And this brings us to ‘using the built-in Jamf Pro CA as Certificate Authority for our signing certificate‘, because in both of the above scenarios (packages installing during the Setup Assistant and profiles pushed out by MDM) the MDM profile and the Jamf Pro root CA certificates are already installed on the enrolled device. This means that the signature on our package or profile, signed by a signing certificate which in turn was signed by the built-in Jamf Pro CA, is automatically trusted as well.

I hope all the above makes sense, so let’s have a look at how to achieve this!

Step 1: CREATE A SIGNING CERT, signed by the built-in Jamf Pro CA

So the first thing we need is our signing certificate, signed by the built-in Jamf Pro CA. To do this, we need to create a Certificate Signing Request (or CSR) first. Either by using the Keychain Certificate Assistant, or Terminal. Let’s have a look a the Keychain Certificate Assistant first:

On a mac launch Keychain Access and select Certificate Assistant -> Request a Certificate From a Certificate Authority from the Certificate Assistant menu:


In the Certificate Assistant window enter the User Email Address and Common Name for your signing certificate and set the request to ‘Saved to Disk‘. As we’ll need to upload the certificate to Jamf Pro, we can’t send it by email to the CA. Select the Continue button, save the CSR file to your Desktop and hit done.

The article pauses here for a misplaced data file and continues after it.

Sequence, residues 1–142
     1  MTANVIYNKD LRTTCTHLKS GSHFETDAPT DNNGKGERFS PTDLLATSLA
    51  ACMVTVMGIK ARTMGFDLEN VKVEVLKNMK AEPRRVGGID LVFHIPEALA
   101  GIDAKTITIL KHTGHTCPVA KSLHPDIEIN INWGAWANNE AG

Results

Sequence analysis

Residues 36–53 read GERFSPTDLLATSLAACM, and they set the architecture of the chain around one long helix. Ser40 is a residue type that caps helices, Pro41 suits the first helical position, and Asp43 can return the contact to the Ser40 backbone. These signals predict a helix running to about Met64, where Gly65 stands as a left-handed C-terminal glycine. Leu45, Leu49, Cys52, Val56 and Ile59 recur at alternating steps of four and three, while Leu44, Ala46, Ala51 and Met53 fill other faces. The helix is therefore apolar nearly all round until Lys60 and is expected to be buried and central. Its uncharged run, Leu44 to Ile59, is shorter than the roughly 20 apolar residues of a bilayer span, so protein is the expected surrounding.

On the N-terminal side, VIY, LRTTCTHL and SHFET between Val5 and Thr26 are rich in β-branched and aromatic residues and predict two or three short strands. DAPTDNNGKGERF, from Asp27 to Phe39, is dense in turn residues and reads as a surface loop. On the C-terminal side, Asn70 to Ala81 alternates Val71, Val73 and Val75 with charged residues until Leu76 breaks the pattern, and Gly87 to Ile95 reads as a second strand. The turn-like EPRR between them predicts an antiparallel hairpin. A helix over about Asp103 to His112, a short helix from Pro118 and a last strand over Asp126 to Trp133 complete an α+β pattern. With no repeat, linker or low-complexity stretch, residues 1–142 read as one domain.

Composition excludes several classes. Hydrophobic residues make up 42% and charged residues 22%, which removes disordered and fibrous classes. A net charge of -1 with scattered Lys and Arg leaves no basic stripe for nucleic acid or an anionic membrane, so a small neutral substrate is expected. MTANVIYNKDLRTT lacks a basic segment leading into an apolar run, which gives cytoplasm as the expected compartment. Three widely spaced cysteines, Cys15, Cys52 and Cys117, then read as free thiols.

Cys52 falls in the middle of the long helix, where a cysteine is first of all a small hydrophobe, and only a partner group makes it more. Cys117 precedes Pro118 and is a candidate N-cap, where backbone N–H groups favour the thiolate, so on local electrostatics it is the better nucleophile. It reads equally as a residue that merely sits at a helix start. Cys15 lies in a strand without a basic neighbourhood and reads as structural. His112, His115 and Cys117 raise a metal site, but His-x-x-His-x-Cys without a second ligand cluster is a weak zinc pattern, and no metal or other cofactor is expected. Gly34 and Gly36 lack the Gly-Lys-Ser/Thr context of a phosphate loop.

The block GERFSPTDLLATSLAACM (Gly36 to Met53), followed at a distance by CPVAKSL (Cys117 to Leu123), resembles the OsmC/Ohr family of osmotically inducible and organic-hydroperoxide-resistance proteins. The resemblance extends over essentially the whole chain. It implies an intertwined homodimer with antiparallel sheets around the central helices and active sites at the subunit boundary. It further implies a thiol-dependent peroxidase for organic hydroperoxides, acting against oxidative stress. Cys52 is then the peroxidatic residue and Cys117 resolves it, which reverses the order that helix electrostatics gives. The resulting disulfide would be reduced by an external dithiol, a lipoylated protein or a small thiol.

Next we need the content of the CSR, so open it with your preferred text editor and copy the entire text content (Yes, including the “—–BEGIN CERTIFICATE REQUEST—–” and “—–END CERTIFICATE REQUEST—–“)

Now that we copied the content of our CSR we’ll ask the built-in Jamf Pro CA to sign it. To do so, we go to Jamf Pro -> Settings -> Global Management -> PKI Certificates, and select the the Management Certificate Template tab.

Click the Create Certificate from CSR button…

… and paste the copied content of the CSR into the CSR field. Make sure to set the Certificate Type to Web Server Certificate:

Hit create to save the certificate to your mac. The result will be a .pem type certificate, signed by the built-in CA of your Jamf Pro instance. A certificate which will be trusted by ANY Mac or iOS device which is correctly enrolled in this Jamf Pro server.

Double click on the newly generated certificate to add it to your keychain, we’ll need that for our next step. Because we created the CSR within the Keychain Certificate Assistant, you’ll notice that the private key of this certificate will already be there, and it will be linked to the certificate after importing the corresponding signing certificate we created:

On the screenshot above you might have noticed that this certificate is not trusted, but why? Well, nothing more than the fact that my mac is not enrolled in the test Jamf Pro instance which I used to sign the certificate. By lack of having the root CA of this Jamf Pro test instance in my keychain, I don’t have a complete chain of trust, hence the certificate is not trusted. Let me quickly go back to my test Jamf Pro server, download the CA and double click on it to install it in my keychain…